WAXAHACHIE — Rarely does one with intentions of purchasing home goods or produce do anything other than walk, or in some cases, roll into the Waxahachie HEB.
There are, however, those with feathers and other intentions.
After a Hawk — and not the Red Oak kind — flew into the store for a five-day stay, Waxahachie HEB Manager Bruce Galves presented a $500 check to Rogers Wildlife Rehabilitation Inc., a bird sanctuary after the nonprofit nursed their "mascot' back to health.
“We wanted to say thank you for what Rogers Wildlife did for our hawk,” Glaves began. “We appreciate them so much for taking care of him [the hawk].”
Going through the nonprofit’s website, the HEB team gave an additional $250 in HEB gift cards to help supply the shelter with needed items.
“I’ve seen the worst and the best of humanity in this job,” began Kathy Rogers, owner of the Rogers Wildlife Rehabilitation, Inc. “We see the people who want to harm them, and we see the people who want to save them, and you guys did just that – you saved him [the hawk].”
Arriving on Tuesday, Aug. 8, the hawk soon became part of the HEB family as it lived in the store for the next five days before it was eventually rehabilitated and released back into the wild.
“The hawk followed another bird into the store, and of course it couldn’t find its way out,” Glaves explained the rare occurrence. “We have paneled windows in our cosmetic department, so he [the hawk] tried to get out of those windows, but couldn’t.”
“At first it was little frightening because we didn’t know if this was a bird that would attack people or if it was a calm bird,” chimed in Michelle Munoz, HEB’s Cosmetic Manager. “But once I figured out that hawks don’t generally swoop on a person as long as you keep everything calm, we were good with him.”
“We kept customers from agitating the bird, kids from screaming at it, but for the most part, he was fine. We just felt bad for him,” she added.
Elevated high in the rafters, the hawk stayed out of reach of onlookers, remaining uncatchable.
“Hawks are notorious for chasing things into warehouses,” Rogers noted. “We get those calls almost daily. And when they’re flying around, it’s virtually impossible to catch them.”
Because the HEB company strives to be environmentally conscious through conserving natural resources and being energy efficient, Glaves carried that standard as he searched for the best way to help to remove the hawk carefully.
“We wanted to get him out safely, but you can’t mess with a hawk unless your license to do so because they are federally protected,” Glaves acknowledged.
“It was interesting because we had so many people involved because we wanted to do it safely,” Glaves recalled the almost weeklong rescue. “We had a couple of independent volunteers who were licensed, the game warden came, and the Fort Worth Zoo offered to help as well.”
“So many customers were coming up to us like, ‘You have a hawk in here,’ and we were like, ‘We know,’” Munoz laughed. “Most of the customers were just concerned about him, and they were like, ‘What are you guys doing?’ And I would tell them all the people we contacted and that we’re taking the proper steps to help it.”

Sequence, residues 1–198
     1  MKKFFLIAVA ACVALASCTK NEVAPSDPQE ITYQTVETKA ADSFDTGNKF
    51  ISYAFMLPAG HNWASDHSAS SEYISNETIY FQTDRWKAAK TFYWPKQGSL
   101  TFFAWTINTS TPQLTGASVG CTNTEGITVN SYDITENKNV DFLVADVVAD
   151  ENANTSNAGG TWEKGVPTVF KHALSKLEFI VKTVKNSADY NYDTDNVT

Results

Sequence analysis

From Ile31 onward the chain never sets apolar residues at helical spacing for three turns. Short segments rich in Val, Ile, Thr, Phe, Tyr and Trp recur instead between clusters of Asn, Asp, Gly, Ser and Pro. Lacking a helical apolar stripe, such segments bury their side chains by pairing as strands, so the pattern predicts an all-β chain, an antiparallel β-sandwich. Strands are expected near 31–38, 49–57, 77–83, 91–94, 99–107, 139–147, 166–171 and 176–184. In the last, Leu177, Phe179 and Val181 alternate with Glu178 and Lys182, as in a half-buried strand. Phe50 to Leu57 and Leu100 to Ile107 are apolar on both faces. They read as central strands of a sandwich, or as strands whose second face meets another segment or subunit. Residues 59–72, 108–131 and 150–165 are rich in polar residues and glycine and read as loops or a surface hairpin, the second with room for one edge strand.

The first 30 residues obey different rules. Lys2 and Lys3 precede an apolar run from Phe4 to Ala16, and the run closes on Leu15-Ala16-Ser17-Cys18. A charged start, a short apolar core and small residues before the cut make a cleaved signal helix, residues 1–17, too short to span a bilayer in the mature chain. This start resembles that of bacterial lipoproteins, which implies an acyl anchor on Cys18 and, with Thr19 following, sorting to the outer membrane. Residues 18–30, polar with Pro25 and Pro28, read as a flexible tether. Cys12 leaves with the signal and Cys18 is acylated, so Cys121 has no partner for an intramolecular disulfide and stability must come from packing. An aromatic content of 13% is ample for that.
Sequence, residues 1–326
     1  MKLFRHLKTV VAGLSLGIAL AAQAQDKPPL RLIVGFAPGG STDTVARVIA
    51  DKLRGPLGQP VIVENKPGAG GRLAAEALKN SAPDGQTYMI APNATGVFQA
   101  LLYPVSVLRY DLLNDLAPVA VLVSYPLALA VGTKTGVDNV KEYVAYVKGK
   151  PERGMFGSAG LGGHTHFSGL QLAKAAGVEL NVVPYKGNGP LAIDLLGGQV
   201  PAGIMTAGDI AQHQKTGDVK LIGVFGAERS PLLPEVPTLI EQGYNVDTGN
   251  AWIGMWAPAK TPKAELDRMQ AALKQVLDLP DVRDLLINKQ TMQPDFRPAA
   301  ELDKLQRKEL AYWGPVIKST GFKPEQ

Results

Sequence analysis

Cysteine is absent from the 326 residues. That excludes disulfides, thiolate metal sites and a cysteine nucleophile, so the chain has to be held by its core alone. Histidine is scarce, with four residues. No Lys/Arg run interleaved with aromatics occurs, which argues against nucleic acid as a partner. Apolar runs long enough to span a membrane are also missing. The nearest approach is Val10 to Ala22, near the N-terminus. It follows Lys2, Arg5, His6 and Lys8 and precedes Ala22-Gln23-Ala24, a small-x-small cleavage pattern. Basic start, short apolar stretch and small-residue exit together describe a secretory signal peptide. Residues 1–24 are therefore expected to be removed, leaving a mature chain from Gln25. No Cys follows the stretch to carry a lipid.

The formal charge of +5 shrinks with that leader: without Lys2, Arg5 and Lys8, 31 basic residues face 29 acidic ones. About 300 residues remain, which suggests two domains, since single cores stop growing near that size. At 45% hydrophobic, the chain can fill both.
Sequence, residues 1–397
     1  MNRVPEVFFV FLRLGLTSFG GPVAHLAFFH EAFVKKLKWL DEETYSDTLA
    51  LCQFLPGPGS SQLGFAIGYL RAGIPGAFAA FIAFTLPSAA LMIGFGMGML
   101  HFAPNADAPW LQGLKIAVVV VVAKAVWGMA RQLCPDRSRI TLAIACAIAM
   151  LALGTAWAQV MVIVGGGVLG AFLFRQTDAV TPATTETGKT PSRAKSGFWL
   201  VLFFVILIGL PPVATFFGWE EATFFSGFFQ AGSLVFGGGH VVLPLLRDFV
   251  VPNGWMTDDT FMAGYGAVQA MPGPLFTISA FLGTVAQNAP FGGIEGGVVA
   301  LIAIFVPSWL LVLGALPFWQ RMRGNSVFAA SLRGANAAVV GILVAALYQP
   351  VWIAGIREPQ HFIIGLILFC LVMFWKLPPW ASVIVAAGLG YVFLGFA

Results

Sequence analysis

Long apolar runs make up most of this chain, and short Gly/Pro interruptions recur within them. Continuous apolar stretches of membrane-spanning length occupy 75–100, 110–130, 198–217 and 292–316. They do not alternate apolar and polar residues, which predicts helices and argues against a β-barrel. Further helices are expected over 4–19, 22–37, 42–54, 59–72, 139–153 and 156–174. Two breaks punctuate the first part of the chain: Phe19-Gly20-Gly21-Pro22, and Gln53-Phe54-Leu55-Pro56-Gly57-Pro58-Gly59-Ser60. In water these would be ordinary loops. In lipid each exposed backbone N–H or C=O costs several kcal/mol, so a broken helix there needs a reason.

As the community lent its support and sent out licensed individuals to try to rescue the hawk, Glaves recalled one night they almost succeeded.
“We actually got the hawk out one night, but it flew back in,” Glaves chuckled. “And we think it’s just because the lights in the store might’ve confused him for daylight.”
Though time went on and the bird grew weary, Lone Star Law's Ellis County Game Warden, Jeff Powell, was called to the scene, finally able to catch the worn-out traveler in its tired state.
“So the poor little bird hit the window pretty hard, dazed itself, so the game warden was just able to grab it. I mean after five days he [the hawk] was just tired,” Munoz described.
“As silly as it sounds I cried when it left because we had gotten so used to having it around,” she admitted.
On Sunday, Aug. 13, the hawk looked far better than expected after its five-day fast and was escorted out and on his way to being rehabilitated before released.
Quickly transporting him to the Rogers Wildlife Center in Hutchins, the hawk turned out to be a non-compliant patient.
“We had to force feed him for several days because he was just not having any of it,” Rogers recollected the bird’s recovery process. “We tried mice, birds, meat - we tried everything, and he would just hang on the door and squawk.”
“And then we thought we could hold onto him for a few more days, but he started picking up on his own and throwing himself around,” she included.
Though the hawk was not an easy keeper, he became physically sound within a couple of days and was later released to fly free.
“We don’t make anybody leave until they’re ready to go, and he was ready, so we open the door, and he flew out,” Rogers described the moment.
And as many customers and onlookers grew familiar of the feathered HEB mascot, Glaves and his team are glad for his safe return back into the wild.
“We already miss him,” Glaves said to Rogers.
“You know, he may be back,” Rogers joked.
To connect with Waxahachie’s HEB, visit heb.com or call (972)-923-2283.
For more information about Rogers Wildlife Rehabilitation, Inc, visit rogerswildlife.org or call (972)-225-4000.
Chelsea Groomer, @ChelseaGroomer